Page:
Arts festival celebrates Scotland's ties to Canada and Scandinavia

The festival includes tales of pirates, mermaids and Vikings for all ages as part of Scotland’s Year of Stories 2022.

Highlands arts festival celebrates Scotland’s ties to Canada and Scandinavia Https://

A Highlands arts festival is hosting an international line-up of performers aiming to celebrate Scotland’s ties to the north.

The Northern Stories Festival will be taking over Wick and Caithness this October connecting the coastline of the Scottish Highlands with the fjords of Norway and the Great Lakes of Canada.

Performances are taking place in village halls, distilleries, heritage centres, cafes and even a disused salmon bothy in Dunbeath – home of prolific novelist Neil Gunn.

The event, supported by EventScotland, is part of Scotland’s Year of Stories 2022 which aims to celebrate stories written, created and inspired by Scotland.

Organisers Lyth Arts Centre, hope the festival will be the perfect fix for families looking for fun during the half-term break and chance to hear from performers, writers and storytellers from across the world.

The festival will include talks, workshops, films and exhibitions for all the family.

Tales of shipwrecked pirates and mermaids will be told inside the belly of a 50ft sperm whale, washed up in the heart of Wick in Circo Rum Ba Ba’s ‘The Tale of Whale’.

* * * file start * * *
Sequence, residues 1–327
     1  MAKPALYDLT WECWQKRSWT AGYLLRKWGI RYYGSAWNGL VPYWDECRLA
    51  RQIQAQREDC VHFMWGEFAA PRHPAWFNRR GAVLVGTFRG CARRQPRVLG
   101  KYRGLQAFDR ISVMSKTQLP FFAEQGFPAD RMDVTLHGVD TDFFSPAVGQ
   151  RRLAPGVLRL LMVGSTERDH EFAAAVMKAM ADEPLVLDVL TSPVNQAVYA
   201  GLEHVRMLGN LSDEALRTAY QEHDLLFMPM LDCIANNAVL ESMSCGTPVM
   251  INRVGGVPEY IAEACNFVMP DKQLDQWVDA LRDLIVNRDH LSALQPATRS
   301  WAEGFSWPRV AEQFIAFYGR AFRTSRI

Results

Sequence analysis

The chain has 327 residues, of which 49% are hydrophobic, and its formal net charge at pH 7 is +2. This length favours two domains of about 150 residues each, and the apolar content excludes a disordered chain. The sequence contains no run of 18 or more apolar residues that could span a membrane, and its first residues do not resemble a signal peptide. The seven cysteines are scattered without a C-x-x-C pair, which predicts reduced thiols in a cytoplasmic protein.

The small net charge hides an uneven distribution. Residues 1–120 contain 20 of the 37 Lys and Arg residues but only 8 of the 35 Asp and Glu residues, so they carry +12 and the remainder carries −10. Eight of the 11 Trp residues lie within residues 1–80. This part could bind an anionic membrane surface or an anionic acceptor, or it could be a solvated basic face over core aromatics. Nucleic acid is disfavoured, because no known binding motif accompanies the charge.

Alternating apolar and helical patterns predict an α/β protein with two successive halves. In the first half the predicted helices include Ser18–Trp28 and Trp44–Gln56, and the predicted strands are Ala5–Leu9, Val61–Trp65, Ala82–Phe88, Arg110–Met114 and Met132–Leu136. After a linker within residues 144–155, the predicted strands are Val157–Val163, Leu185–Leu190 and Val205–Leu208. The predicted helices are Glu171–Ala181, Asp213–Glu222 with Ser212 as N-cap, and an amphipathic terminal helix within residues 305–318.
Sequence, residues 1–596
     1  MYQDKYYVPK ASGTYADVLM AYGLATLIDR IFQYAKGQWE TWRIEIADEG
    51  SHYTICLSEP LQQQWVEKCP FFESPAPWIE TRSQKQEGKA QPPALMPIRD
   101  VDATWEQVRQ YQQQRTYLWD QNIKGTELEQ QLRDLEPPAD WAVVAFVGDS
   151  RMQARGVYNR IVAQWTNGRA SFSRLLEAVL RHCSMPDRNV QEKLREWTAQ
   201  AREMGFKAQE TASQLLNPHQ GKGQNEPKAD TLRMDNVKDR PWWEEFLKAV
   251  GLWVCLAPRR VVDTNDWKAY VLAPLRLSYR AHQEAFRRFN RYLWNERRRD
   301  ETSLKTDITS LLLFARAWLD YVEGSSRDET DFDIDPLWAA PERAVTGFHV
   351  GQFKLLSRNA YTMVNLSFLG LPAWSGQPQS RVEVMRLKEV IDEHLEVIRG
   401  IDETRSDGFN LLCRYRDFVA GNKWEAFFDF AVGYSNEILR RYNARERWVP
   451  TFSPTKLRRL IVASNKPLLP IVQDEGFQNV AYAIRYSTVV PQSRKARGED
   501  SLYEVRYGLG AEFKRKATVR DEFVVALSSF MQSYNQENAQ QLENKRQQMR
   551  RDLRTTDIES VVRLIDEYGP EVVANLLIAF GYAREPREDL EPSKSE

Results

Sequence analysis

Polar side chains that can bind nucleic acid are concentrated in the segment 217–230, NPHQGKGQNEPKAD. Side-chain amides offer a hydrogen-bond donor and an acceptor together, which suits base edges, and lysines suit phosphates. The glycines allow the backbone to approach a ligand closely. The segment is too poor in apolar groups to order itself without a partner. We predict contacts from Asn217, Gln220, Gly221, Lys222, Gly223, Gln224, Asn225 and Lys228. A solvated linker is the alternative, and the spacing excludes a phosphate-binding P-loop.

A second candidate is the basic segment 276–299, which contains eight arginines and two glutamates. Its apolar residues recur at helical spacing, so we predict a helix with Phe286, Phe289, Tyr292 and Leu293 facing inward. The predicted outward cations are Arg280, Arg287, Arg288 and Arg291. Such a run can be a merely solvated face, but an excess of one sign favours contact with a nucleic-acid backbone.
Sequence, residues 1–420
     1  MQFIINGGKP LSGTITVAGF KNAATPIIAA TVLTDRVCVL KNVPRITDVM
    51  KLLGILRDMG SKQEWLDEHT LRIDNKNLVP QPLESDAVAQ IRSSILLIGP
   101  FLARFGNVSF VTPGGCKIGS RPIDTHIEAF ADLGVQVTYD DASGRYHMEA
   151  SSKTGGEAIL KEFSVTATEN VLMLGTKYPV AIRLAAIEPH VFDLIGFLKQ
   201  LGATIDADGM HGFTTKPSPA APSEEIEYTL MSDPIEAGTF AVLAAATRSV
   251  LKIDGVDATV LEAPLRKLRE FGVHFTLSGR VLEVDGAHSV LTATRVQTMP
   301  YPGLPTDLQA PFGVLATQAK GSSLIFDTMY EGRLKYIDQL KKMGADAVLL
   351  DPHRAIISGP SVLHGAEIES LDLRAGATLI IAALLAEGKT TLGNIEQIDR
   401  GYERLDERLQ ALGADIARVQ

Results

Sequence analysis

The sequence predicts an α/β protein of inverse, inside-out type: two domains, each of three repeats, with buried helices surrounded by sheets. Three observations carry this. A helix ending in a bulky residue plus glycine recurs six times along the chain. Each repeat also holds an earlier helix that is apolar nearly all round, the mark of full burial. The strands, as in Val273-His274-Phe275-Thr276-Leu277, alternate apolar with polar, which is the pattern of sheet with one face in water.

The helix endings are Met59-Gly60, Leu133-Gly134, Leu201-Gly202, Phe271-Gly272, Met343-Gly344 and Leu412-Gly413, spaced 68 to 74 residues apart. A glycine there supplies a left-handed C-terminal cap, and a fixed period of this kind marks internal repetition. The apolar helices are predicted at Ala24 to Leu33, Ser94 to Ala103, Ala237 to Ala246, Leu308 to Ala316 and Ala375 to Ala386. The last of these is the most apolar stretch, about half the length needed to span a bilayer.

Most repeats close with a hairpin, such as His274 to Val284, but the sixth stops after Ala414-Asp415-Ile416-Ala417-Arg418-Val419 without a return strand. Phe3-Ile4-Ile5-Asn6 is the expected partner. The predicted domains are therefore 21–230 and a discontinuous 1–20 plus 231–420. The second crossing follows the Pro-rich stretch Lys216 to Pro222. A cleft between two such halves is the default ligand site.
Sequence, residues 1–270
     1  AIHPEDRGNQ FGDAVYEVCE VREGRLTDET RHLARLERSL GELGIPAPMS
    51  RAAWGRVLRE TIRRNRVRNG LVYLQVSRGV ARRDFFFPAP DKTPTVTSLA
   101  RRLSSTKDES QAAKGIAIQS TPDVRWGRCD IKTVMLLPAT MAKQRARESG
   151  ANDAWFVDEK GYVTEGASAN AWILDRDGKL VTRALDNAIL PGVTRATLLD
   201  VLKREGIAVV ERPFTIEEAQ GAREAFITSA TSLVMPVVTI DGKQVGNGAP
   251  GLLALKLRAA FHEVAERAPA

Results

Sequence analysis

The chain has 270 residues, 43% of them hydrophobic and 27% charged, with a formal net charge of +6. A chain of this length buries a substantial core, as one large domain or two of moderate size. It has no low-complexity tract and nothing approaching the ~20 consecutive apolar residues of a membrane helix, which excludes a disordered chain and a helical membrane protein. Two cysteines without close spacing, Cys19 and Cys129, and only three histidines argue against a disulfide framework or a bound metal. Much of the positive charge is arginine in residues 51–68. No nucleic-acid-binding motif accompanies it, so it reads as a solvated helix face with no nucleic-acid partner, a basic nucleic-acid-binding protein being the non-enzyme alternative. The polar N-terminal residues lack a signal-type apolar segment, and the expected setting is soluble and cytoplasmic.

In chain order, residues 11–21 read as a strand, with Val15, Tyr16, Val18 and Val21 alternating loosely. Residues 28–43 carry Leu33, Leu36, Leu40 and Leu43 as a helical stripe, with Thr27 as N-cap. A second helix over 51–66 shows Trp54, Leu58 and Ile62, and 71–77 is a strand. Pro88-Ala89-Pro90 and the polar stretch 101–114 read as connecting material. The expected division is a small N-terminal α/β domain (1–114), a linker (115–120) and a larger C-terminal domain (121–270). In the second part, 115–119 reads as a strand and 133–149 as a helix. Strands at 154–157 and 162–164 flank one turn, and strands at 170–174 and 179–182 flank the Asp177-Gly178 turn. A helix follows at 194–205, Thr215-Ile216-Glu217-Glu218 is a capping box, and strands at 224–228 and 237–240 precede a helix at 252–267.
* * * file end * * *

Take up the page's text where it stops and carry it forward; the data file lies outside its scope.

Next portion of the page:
'The Tale of Whale' at Northern Stories FestivaliStock

The local heritage of Caithness will also be on display through a portrait exhibition called ‘Painted People’.

The specially commissioned photographs by award-winner photographer Susie Mackenzie will be on display at the North Coast Visitor Centre in Thurso.

Clydebuilt Puppet Theatre will bring Vikings to life with the tales of Odin (King of the Gods), Thor with his Magic Hammer and Loki the ‘Trickster’.

The festival will close with a special online reading from former Edinburgh Makar Christine De Luca.

'The Tale of Whale' at the Northern Stories Festival The Northern Stories Festival

Organisers also plan to make the festival as accessible as possible with many events taking place online.

Charlotte Mountford, festival producer said: “We’re really excited to be a part of Scotland’s Year of Stories 2022. Caithness has really strong ties with our northern neighbours and it’s been a great chance to work with partners and colleagues in Norway and Canada.

“We hope our local community will find something to enjoy on their doorstep, and that our online programme will attract a national and international audience. It’s a great opportunity share our stories and celebrate international connections”

Northern Stories Festival takes place from October 7 to 16.

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